A new ad campaign from Conservation International features celebrities voicing different parts of the environment, and it’s been making quite the buzz on Twitter. Hewlett-Packard is even offering to donate a dollar to Conservation International for each use of the hashtag #NatureIsSpeaking.
The ads are laid out against gorgeous footage of the natural world and feature various natural systems – “The Rainforest” (Kevin Spacey), “Water” (Penélope Cruz), “The Soil” (Edward Norton), and so on – reciting blistering invectives on humanity’s negligence and destruction. They’re not subtle, and the overall message – Nature Doesn’t Need People – is printed out in the final seconds for those who are slow on the uptake.
There have already been a variety of commentaries on the campaign, most of which discuss the ads’ ecocentric message, a relative rarity not only in most mainstream environmental debates but also in environmental communications more generally. While it’s certainly true that such a biting depiction of our dependence on nature is unusual for an environmental conversation, a deeper reading of the ads reveals that they aren’t as radical as they appear at first blush.
When I first viewed the ads, I was struck by how they literally give nature a voice. Their narrative situates nature as an independent entity capable of exerting influence on humanity. Julia Roberts as Mother Nature warns, “My oceans, my soil, my flowing streams, my forests, they all can take you – or leave you.”
This personalization and recognition of the agency (however loosely defined) of ecosystems hints at what Julia Corbett calls “values-driven ideologies,” environmental philosophies that call for a “shift from humans-as-integral to humans-as-nonessential in the functioning of the natural world.” Many who ascribe to these ideologies argue for a reordering of the social world to recognize the inherent right of ecosystems and other creatures to exist – a significant change, indeed.
Closer examination, however, puts the ads within the mainstream American environmental dialogue, even if they flirt with a more radical ethic. As Corbett points out, most environmental efforts in the United States tend to take a conservationist or preservationist approach to dealing with environmental problems. Both of these environmental ideologies advocate regulating human behavior so that nature can be used and enjoyed in the future. Nature is protected because it’s better for humans in the long-term, and the emphasis is on the power of humans to influence the planet.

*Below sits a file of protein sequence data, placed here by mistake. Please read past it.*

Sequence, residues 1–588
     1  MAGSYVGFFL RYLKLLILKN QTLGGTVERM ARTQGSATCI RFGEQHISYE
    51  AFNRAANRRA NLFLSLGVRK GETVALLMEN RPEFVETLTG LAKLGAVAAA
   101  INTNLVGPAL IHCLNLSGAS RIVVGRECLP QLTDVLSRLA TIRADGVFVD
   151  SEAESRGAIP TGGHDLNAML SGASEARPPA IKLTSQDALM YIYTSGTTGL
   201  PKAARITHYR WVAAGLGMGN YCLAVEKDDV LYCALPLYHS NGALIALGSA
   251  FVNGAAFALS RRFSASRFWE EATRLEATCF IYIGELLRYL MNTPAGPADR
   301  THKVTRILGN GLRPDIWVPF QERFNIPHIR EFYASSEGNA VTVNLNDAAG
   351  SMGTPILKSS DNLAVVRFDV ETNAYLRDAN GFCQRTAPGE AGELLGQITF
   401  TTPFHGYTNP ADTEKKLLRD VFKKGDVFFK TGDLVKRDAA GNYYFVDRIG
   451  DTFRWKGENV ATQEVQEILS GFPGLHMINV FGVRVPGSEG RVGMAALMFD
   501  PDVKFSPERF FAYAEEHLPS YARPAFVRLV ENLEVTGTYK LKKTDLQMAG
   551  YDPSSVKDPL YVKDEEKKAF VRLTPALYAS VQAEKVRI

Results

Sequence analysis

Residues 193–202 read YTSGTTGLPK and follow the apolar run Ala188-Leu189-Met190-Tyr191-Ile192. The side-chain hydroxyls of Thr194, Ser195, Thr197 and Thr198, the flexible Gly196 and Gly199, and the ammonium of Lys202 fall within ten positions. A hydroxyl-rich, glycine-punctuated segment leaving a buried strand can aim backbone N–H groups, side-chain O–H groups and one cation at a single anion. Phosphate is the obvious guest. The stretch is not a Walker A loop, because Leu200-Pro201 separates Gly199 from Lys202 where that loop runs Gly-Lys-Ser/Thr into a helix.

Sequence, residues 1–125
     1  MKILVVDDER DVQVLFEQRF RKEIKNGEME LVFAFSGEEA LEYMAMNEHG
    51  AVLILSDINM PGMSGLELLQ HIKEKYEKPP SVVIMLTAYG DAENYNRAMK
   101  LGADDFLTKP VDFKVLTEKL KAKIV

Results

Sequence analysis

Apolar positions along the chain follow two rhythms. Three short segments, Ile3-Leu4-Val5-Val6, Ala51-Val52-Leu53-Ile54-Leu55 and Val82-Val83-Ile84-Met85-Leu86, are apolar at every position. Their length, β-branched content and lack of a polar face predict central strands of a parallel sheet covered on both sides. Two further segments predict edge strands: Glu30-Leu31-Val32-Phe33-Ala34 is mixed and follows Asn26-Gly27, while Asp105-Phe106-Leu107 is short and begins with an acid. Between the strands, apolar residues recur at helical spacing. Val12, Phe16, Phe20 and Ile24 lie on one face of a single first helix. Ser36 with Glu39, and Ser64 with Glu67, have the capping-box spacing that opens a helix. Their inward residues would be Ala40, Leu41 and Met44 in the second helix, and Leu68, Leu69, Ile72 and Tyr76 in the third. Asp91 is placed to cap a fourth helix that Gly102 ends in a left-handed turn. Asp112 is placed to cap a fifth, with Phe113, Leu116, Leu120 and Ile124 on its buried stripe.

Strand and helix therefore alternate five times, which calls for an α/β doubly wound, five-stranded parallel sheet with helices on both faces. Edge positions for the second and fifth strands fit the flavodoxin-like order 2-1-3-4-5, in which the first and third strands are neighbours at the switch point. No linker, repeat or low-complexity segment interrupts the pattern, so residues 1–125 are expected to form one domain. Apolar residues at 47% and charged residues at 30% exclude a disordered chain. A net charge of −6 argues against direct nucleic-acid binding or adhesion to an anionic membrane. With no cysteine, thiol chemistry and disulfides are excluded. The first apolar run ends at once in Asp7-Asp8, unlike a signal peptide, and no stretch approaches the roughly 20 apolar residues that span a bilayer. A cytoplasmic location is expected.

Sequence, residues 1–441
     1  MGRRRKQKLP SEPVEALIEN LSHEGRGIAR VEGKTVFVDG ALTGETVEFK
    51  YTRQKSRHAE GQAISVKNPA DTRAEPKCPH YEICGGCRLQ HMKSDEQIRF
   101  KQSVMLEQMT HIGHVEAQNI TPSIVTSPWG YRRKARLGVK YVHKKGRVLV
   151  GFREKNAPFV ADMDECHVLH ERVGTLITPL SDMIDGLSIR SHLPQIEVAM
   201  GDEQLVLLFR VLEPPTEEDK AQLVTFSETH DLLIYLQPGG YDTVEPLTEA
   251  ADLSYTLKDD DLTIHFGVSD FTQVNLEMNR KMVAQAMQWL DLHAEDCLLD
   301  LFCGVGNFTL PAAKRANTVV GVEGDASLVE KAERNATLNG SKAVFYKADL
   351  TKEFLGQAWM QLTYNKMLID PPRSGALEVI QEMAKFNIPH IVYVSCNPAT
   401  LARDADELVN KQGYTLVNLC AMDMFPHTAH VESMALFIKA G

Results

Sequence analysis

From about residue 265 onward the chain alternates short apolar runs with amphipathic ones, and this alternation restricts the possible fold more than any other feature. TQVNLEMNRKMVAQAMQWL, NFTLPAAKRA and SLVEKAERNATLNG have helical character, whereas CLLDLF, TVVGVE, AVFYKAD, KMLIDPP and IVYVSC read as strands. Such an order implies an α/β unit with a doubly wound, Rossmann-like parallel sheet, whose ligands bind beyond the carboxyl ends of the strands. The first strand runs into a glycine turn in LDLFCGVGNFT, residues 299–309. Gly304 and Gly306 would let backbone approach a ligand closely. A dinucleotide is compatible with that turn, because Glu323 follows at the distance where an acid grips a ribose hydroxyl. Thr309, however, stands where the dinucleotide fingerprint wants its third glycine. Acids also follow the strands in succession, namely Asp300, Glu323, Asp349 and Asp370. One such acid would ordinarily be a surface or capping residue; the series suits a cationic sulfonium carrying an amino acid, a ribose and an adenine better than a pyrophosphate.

These themes are spoken outright in the Nature is Speaking campaign. It achieves the campaign’s goal of reversing the power dynamics typical of environmental campaigns, laying out how dependent humans are on the environment. This is no small feat, given that most of our conversations about nature tend to assume that we have the capabilities to technologically dominate the planet and simply argue for using this massive human power for benevolent rather than malevolent purposes. In this sense, then, Nature is Speaking is a breath of fresh air.
But ultimately the campaign is not arguing – at least not explicitly – for a radical reimagining of the relationship between humans and the environment that recognizes natural systems as having the inherent right to exist. Even though humans are placed in a dependent position relative to nature, the ultimate emphasis is on using nature wisely for our own sake.
This positioning of humans as both entirely dependent on and haplessly destructive to nature results in an odd tension that runs through the campaign. Although a major message within the ads is that nature has its own independent trajectory and is ultimately calling the shots, the ads literally use powerful humans to speak for the environment, inherently putting the humans in a position of authority. Speaking on behalf of someone or something is a powerful act, and in some ways this undermines the ultimate message of human powerlessness before nature.
Granted, getting an interview with the Pacific Ocean is a challenge that I personally wouldn’t want to undertake, but this subtext still changes the ads’ ultimate takeaway.
None of this is to say that the Nature is Speaking campaign misses its mark. I love the sense of awe and timelessness they evoke in the presence of the natural world. I personally found the ads very compelling, particularly in how they emphasize humility in the face of our utter dependency on the natural world. As I watched Harrison Ford’s “The Ocean” and Julia Roberts’ “Mother Nature,” I felt like a small child being scolded by my favorite teacher: angry at myself for screwing up, and very eager to do better next time. But while the campaign is doubtlessly more radical than its peers, it’s not revolutionary.